Table 1: Vaccine Provider (or Immunizer) Administration Checklist
(This is based on the Government of Canada Vaccine Administration Practices: Canadian Immunization Guide, available at https://www.canada.ca/en/public-health/services/publications/healthy-living/canadian-immunization-guide-part-1-key-immunization-information/page-8-vaccine-administration-practices.html#t2)
|Check (✓)||Vaccine Administration Checklist|
|1. Hands are sanitized, either by washing or using an alcohol-based hand sanitizer.|
|2. The patient’s immunization history and the vaccine schedule have been checked to ensure the appropriate vaccine is being administered at the appropriate time.|
|3. The correct vaccine has been selected and the expiry date has been checked.|
|4. The vaccine has been appropriately reconstituted or mixed, if necessary.|
|5. The appropriate needle length has been selected.|
|6. The dose and route of administration are correct.|
|7. The administered vaccine has been properly documented.|
Following vaccination, patients should be advised to wait inside the clinic for at least 15 minutes so that providers (or immunizers) or clinic staff can monitor them for signs and symptoms of serious reactions (e.g., anaphylaxis). An extended observation time of 30 minutes may be implemented for those with allergies to other vaccines or injectable therapies, and those with specific concerns regarding potential vaccine reaction. During the monitoring period, proper public health measures, social distancing, and best sanitation practices should be enforced.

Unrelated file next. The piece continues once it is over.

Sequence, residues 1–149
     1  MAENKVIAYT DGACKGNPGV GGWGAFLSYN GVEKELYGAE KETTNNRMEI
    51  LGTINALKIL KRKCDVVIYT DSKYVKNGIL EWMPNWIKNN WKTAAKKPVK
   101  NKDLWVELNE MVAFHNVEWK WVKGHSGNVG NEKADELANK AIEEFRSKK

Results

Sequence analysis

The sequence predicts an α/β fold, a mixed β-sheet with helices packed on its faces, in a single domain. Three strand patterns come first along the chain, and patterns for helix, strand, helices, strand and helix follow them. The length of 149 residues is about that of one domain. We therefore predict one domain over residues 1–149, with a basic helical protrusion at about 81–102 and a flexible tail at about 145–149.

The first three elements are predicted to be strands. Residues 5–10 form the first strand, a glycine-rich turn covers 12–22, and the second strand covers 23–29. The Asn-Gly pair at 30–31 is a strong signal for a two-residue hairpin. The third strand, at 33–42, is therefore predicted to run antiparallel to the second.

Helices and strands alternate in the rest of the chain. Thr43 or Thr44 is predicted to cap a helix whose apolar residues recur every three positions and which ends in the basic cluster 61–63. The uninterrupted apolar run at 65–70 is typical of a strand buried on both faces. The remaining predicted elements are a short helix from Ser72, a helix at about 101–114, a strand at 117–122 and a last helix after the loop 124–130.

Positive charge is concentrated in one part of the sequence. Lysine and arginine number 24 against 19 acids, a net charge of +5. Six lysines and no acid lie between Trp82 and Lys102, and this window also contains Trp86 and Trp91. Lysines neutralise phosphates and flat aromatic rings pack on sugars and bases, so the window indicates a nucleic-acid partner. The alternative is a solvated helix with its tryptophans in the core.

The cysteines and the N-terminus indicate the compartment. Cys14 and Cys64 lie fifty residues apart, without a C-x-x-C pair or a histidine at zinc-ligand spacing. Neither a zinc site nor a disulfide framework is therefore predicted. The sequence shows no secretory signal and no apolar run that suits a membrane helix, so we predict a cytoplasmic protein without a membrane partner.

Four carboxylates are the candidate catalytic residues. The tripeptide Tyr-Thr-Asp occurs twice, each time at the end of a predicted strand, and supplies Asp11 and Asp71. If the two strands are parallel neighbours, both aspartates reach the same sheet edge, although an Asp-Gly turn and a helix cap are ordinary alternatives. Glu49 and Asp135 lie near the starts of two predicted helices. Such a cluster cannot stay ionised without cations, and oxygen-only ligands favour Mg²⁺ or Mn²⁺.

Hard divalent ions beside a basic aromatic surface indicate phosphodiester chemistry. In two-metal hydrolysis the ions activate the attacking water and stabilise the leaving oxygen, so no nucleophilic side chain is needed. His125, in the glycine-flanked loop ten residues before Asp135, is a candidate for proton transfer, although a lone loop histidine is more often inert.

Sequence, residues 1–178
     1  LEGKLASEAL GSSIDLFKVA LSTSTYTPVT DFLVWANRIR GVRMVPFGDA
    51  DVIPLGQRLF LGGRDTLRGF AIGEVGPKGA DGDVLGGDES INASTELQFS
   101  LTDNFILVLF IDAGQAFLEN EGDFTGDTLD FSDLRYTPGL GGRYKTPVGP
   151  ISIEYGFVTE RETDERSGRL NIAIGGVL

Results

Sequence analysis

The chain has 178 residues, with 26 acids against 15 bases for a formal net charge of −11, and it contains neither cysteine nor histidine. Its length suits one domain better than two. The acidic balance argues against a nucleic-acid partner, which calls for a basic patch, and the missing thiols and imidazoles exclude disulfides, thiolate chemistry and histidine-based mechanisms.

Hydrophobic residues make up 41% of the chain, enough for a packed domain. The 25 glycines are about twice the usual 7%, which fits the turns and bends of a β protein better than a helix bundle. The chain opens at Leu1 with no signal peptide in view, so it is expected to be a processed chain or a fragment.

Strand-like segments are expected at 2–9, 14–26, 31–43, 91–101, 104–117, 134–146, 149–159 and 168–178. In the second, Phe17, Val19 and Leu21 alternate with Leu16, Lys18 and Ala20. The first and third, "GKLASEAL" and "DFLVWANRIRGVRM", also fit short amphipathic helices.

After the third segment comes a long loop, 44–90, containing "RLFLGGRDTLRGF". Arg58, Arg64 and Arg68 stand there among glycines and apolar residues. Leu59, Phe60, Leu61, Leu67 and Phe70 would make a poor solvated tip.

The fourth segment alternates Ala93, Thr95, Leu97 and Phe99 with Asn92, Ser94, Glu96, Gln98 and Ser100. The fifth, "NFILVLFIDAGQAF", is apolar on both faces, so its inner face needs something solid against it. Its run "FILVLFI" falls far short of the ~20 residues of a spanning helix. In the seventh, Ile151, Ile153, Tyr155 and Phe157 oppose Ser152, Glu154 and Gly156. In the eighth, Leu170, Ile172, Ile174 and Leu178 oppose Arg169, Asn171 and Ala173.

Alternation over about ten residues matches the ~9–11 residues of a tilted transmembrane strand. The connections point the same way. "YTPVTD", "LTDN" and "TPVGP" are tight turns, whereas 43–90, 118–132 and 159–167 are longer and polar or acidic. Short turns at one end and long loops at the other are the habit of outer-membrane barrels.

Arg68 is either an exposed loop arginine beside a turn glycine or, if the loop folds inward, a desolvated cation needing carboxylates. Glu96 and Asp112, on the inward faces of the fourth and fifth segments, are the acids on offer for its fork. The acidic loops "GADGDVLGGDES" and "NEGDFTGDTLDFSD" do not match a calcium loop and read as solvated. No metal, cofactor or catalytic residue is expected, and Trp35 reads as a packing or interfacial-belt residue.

In addition to everyone’s adherence to public health measures, the effort to contain the spread of COVID-19 relies heavily on the work of vaccination clinics. As clinics strive towards improved workflow efficiency, addressing safety concerns remains equally important. Strategies for optimizing safety include using a comprehensive patient screening tool, having proper vaccine storage, adequate clinic staffing and training, adopting a vaccine administration checklist, and ensuring post-vaccination monitoring. Preventable errors that occur at these clinics should be reported to the Canadian Medication Incident Reporting and Prevention System (CMIRPS) (https://www.cmirps-scdpim.ca/?p=14&lang=en), such as the Institute for Safe Medication Practices Canada (ISMP Canada) Individual Practitioner Reporting (https://www.ismp-canada.org/err_ipr.htm) program. Through incident reporting, we can learn from our mistakes, promote shared learning, and prevent the recurrence of COVID-19 vaccine incidents as the mass vaccination campaign progresses.
Rajiv Rampersaud, Jia Hui (Jay) Zhao, and Kunal Bhatt are PharmD graduates at the Leslie Dan Faculty of Pharmacy (LDFP), University of Toronto; and Certina Ho is an Assistant Professor at the Department of Psychiatry and the LDFP, University of Toronto.
To learn more about how to optimize safety at COVID-19 vaccination clinics, the following ISMP Canada Safety Bulletins may be of interest to you:
- Injecting Standardization into Vaccine Clinics (Volume 18: Issue 7; September 24, 2018), available at https://www.ismp-canada.org/download/safetyBulletins/2018/ISMPCSB2018-i7-VaccineClinics.pdf; and
- Preventing Errors with COVID-19 Vaccines: Learning from Vaccine Incidents (Volume 21: Issue 2; February 25, 2021), available at https://www.ismp-canada.org/download/safetyBulletins/2021/ISMPCSB2021-i2-COVID19-Vaccine-Error-Prevention.pdf